Emissions: The Diesel Age

Technology, climate concerns prompt new look at 'workhorse' fuel.

Diesel fuel and diesel-powered vehicles may find themselves thrust into the limelight in 2007, thanks to the convergence of several simultaneous events:

  • In October, new ultra-low sulfur fuel for on-highway vehicles entered the marketplace with relatively little disruption to price or supply. The new fuel will not only reduce emissions in and of itself, but it also allows manufacturers to use new aftertreatment technologies that will achieve additional, dramatic reductions in emissions, particularly the black soot that has tarnished diesel's image.
  • In January 2007, the federal government's new regulations for on-highway vehicles took effect, mandating the use of new "clean diesel" engines, the first significant upgrade in on-highway diesel technology since 2002.
  • Rising fuel prices and escalating concern over global warming have increased the public's interest in alternatives to gasoline, including diesel the most energy-efficient fuel.

Introducing the public to "clean diesel"

High gas prices and the introduction of new ultra-low sulfur fuel have given the diesel industry a golden opportunity to reintroduce itself to the public. Most people associate diesel with the smell and smoke from old buses and dump trucks. However, as industry spokespersons are quick to point out, that image is no longer valid: The new on-highway engines reduce emissions by 95% and generate virtually no soot.

In addition, they consume much less fuel than their gasoline-powered counterparts because diesel fuel is 30% more energy efficient than gasoline. With rising gas prices prompting many people to look at hybrid vehicles that use a combination of gas and electric power, diesel manufacturers are moving quickly to get people to give diesel a consideration, as well. Volkswagen and DaimlerChrysler have unveiled several new diesel vehicles to compete against gas-electric hybrids and BMW is expected to follow suit. With diesel-powered cars now accounting for just 3% of new car sales in the United States, they hope to replicate the success they've enjoyed in Europe, where about 50% of all new cars sold are diesel-powered.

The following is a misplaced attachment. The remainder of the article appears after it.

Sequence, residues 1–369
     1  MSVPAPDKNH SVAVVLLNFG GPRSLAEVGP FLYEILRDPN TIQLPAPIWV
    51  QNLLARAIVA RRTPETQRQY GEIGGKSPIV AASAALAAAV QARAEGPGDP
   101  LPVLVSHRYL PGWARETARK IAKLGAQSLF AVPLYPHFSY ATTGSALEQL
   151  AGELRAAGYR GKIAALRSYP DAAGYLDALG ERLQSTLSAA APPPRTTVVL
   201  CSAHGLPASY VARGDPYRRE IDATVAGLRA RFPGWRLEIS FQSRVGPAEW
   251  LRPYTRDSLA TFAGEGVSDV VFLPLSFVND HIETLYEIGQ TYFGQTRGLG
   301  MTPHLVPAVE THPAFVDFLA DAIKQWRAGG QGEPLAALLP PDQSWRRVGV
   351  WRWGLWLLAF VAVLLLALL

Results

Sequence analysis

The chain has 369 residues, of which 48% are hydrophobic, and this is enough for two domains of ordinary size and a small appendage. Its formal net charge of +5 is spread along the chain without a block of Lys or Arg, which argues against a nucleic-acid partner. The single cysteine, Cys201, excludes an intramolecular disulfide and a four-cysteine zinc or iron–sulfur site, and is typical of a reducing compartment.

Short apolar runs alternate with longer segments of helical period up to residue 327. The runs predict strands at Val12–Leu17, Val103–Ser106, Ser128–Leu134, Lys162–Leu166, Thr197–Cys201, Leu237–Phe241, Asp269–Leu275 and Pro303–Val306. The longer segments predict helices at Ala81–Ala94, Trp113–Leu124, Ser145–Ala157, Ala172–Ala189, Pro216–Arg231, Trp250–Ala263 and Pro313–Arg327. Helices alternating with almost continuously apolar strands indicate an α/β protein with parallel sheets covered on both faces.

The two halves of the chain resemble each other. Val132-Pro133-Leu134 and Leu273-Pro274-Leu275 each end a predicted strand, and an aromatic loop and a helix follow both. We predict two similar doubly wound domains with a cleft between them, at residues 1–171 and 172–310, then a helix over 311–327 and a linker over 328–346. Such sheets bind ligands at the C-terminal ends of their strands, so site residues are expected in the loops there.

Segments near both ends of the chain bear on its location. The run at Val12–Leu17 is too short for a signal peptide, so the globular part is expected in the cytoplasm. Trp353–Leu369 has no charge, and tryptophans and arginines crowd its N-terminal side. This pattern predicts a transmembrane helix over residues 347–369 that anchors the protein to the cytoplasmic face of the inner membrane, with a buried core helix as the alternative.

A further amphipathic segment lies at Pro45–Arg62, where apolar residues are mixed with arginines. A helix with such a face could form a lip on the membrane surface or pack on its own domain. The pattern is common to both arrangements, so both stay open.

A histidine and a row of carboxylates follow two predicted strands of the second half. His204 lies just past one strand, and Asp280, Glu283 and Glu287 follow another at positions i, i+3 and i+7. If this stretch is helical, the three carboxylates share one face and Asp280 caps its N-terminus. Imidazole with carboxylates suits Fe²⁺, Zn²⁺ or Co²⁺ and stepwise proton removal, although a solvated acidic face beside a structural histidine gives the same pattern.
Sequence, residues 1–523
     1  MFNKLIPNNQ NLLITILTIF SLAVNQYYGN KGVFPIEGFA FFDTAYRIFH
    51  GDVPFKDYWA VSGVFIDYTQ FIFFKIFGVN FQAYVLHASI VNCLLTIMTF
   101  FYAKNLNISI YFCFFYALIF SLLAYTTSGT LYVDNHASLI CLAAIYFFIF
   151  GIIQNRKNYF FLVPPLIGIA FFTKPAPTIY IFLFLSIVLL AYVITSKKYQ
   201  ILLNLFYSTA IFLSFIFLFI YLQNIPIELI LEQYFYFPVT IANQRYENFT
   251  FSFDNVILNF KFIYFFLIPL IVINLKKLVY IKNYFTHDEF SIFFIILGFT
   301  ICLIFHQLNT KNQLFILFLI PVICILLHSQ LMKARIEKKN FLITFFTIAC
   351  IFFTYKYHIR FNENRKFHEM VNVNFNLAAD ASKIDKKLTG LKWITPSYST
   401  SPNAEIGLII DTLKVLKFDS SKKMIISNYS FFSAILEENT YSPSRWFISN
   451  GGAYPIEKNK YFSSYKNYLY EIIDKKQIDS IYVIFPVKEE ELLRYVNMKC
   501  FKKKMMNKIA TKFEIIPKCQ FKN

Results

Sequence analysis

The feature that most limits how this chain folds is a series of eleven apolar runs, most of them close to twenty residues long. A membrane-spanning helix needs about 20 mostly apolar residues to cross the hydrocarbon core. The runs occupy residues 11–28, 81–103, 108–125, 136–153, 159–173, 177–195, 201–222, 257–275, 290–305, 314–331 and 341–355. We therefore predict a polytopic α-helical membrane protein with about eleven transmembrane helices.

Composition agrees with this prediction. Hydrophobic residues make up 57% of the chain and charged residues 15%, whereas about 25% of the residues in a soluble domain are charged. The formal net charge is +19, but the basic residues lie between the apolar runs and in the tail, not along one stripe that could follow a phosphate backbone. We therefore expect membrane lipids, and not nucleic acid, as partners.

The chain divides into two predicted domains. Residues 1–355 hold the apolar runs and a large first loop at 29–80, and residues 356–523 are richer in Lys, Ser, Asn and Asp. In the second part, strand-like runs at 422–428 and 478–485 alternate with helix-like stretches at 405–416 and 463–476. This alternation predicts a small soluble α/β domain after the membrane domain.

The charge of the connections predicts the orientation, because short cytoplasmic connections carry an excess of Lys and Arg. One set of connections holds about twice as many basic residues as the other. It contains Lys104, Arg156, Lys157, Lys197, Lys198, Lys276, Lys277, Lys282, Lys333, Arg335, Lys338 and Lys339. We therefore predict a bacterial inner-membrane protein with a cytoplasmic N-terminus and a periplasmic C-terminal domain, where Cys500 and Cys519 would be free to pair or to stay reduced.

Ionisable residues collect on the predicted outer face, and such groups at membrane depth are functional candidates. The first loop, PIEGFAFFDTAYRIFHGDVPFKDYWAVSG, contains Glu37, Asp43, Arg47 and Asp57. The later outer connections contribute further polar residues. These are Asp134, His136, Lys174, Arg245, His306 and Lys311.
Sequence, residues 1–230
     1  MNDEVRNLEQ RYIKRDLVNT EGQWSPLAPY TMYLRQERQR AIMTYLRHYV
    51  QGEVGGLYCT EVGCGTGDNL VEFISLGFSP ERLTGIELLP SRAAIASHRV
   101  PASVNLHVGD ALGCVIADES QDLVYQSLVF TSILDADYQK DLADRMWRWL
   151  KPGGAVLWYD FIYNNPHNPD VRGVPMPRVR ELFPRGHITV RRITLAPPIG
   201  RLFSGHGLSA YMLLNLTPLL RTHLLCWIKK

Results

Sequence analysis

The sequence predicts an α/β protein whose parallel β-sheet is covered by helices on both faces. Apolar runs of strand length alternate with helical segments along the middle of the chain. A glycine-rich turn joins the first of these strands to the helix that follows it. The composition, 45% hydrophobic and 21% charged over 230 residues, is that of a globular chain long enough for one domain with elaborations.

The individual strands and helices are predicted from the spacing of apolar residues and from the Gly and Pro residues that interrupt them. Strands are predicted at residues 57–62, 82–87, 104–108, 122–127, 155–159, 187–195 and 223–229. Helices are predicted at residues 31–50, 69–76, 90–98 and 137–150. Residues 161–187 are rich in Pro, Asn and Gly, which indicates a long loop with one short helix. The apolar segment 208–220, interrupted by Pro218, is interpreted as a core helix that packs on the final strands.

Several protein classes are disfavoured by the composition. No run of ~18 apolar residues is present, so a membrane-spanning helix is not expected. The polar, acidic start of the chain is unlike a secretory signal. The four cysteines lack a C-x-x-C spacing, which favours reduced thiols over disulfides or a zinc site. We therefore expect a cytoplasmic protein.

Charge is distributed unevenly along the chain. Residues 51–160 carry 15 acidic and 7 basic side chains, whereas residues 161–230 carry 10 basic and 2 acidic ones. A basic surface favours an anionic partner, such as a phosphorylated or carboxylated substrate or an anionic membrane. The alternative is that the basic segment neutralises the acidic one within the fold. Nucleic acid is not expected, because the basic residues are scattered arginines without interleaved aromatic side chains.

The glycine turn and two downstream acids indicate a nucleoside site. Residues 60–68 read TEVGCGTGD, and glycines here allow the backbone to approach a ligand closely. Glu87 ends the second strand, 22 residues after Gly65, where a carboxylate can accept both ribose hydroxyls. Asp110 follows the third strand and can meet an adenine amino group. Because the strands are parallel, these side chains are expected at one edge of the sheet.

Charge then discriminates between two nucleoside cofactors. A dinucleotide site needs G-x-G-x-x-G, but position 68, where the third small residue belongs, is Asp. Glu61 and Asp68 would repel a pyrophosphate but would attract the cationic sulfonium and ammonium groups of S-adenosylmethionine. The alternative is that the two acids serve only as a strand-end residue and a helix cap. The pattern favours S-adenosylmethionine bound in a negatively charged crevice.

Diesel engines and global warming

Diesel fuel may also get a boost from the public's concern over global warming. Diesel-fueled engines emit the fewest greenhouse gases believed to promote global warming, particularly carbon dioxide. In fact, the use of regulations and tax incentives to promote the use of diesel-powered vehicles was one of the principal strategies employed by European countries to meet the requirements of the Kyoto Protocol, an international agreement on global warning.

While the United States did not sign the Kyoto Protocol, it has not escaped the debate over carbon dioxide emissions. The U.S. Supreme Court is currently considering whether the Environmental Protection Agency (EPA) has the authority to regulate carbon dioxide emissions from vehicles and equipment.

Environmental groups and state regulators asked the EPA to draft regulations restricting carbon dioxide emissions from vehicles and power plants, but the agency determined the Clean Air Act and its subsequent amendments did not give it that authority. The U.S. Court of Appeals of the District of Columbia upheld the EPA's decision on a 2-1 vote, which was subsequently appealed to the U.S. Supreme Court.

The court's ruling could have a significant impact on the public's perception of diesel as an environmentally friendly fuel. Carbon dioxide emissions are directly proportional to fuel consumption. Because diesel-powered vehicles consume 30% less fuel than their gasoline-powered counterparts, they emit 30% less carbon dioxide. Diesel also stacks up better than natural gas, LPG and other alternative fuels considered environmentally friendly. While these fuels are considered "clean" they are less energy efficient, which means they generate more carbon dioxide to accomplish the same task as a diesel-powered engine.